Nandor F. R. Kiss
Title: US Army Judge Advocate
Company: United States Army
AT A GLANCE:
Seaver College Class of 2011
What does being one of Pepperdine's Outstanding Alumni Abroad mean to you?
It's a great honor. One of my biggest regrets from my time at Pepperdine is that I elected not to participate in the study abroad program. While I have no complaints about my time in Malibu, I always felt that I missed an opportunity to discover whether I could live and thrive in a foreign country. Being recognized in this way has helped me come to terms with that regret.
Describe any significant achievements in your life in vocation, service, and/or philanthropy.
As a judge advocate, my first assignment has been in Baumholder, Germany. I spent my first year serving as a legal assistance attorney, helping soldiers and their families with their personal legal issues. In that capacity, recognizing an opportunity to serve, I organized the army's first expeditionary legal aid mission to Eastern Europe to aid soldiers deployed as part of Operation Atlantic Resolve, the North Atlantic Treaty Organization (NATO) effort to deter Russian aggression. For this work, along with a few other tasks, my colleagues and I were granted the American Bar Associations Excellence in Legal Assistance to Military Personnel award, of which I am incredibly proud.
In May 2017, I deployed to Kabul, Afghanistan, in support of Operation Freedom's Sentinel. While deployed, I worked for NATO Resolute Support to train and advise Afghan officials to establish the rule of law, counter corruption, and promote human rights. In that position, I was able to advise numerous high-ranking Afghan officials, including the general staff legal advisor, minister of defense, and ultimately, the president of Afghanistan, Ashraf Ghani, who invited my team to the Afghan Presidential Palace so that we could present proposed legislation to improve the structure of the Afghan National Army. During my time in Afghanistan, I also programmed and developed NATO's first comprehensive human rights violation tracking system, R.I.G.H.T.S., which was later presented at a NATO conference focused on protecting children in armed conflict.
To date, I have deployed to nine countries, advised the commanding general of the Afghan war, and had dinner with a foreign head of state, all thanks to the incredibly opportunities granted by the US Army.
How has Pepperdine played a role in these achievements?
Pepperdine taught me to be a leader. In stating that, I don't mean that Pepperdine taught me how to be in charge or how to run or manage an organization, but rather what it takes to be a leader, regardless of position or rank. Pepperdine provided dozens of opportunities to learn and practice the meaning of servant leadership. Professor Bill Arnold's Service Leadership course, the Strauss Institute's Dispute Resolution course, and my fraternity, Sigma Phi Epsilon, each provided me with an opportunity to impact those around me and strive to achieve whatever objective my team and I were working toward.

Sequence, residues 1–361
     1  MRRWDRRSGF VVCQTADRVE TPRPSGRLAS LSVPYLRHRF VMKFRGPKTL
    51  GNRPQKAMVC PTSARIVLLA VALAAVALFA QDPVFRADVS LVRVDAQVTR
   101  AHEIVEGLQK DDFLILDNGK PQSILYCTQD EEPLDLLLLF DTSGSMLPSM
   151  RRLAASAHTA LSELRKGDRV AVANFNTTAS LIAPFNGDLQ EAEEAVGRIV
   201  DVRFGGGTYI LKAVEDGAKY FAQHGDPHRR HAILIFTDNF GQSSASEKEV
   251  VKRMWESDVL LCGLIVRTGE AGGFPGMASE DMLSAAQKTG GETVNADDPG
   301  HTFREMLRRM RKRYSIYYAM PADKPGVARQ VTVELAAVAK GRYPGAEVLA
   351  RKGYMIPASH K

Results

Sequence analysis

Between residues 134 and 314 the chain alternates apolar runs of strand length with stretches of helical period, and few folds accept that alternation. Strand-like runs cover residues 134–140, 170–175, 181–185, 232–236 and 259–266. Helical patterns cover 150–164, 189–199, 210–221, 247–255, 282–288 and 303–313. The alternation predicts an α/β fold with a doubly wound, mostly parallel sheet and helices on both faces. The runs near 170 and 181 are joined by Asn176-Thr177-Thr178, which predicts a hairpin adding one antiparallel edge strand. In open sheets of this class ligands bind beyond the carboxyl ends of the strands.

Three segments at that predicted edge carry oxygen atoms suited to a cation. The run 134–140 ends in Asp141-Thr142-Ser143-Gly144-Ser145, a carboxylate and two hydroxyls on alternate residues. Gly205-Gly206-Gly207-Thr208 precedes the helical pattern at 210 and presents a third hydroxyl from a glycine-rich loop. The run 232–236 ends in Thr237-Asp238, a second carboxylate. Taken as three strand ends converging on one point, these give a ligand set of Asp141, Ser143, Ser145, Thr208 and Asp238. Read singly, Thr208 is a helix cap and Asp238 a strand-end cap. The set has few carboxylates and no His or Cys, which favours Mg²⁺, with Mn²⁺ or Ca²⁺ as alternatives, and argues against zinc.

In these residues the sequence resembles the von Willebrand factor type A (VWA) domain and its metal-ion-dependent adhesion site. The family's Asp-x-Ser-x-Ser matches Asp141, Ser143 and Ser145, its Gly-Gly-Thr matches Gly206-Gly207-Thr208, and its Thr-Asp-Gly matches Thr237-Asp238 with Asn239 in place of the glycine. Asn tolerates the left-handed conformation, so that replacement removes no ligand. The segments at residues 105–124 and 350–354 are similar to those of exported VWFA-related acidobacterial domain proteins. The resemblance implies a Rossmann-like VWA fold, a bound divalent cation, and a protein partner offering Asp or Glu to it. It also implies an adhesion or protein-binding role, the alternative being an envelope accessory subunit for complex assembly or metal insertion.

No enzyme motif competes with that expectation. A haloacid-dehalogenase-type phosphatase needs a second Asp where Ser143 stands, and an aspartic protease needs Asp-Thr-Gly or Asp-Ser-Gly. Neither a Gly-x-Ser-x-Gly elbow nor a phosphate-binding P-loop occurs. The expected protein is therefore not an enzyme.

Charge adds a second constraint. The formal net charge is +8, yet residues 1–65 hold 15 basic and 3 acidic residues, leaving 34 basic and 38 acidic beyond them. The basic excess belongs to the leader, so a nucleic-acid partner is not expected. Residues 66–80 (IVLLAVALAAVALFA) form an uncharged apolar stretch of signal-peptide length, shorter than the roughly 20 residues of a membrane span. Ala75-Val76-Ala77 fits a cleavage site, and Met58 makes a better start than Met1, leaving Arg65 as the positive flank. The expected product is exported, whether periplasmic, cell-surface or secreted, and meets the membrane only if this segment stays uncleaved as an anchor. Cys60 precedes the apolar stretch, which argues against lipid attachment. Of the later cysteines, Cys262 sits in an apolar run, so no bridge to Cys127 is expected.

Who inspires you and why?
The greatest inspiration in my life has come from my father, who was born into poverty in Soviet Hungary and dreamed of a better life. However, where so many are keen to dream, my father made it a reality. At the age of 14, he began his escape attempts, ultimately finding success just a month before his 18th birthday when he was able to cross the Italian border and request asylum. Even then, he didn't stop. He continued to fight against the odds, making his way into Canada as a refugee, and ultimately into the United States where he established and grew a successful company. Yet, despite all the incredible accomplishments, and the overwhelming odds stacked against his success, he is not a boastful man. He is overwhelmingly thankful to God and the United States for the opportunities granted to him. It is this humility that I admire most.
What's next for you? Five-year outlook? Ten-year plan?
From my time in Afghanistan, I've grown a great passion for the rule of law. It is my hope that my future will involve its establishment or maintenance at home or abroad. I would like to continue my travels throughout my career, master a variety of foreign languages, and be a citizen of the world. There is so much to learn from different cultures, and so much to experience around the world, that I cannot imagine life abroad not playing a large part in my future. In the meantime, however, I'll have to see where the army sends me next.
What is one of your favorite hobbies?
Reading. While I enjoy fiction, my favorites books are about history, philosophy, and economics.
What is your favorite quote?
"The unexamined life is not worth living." — Socrates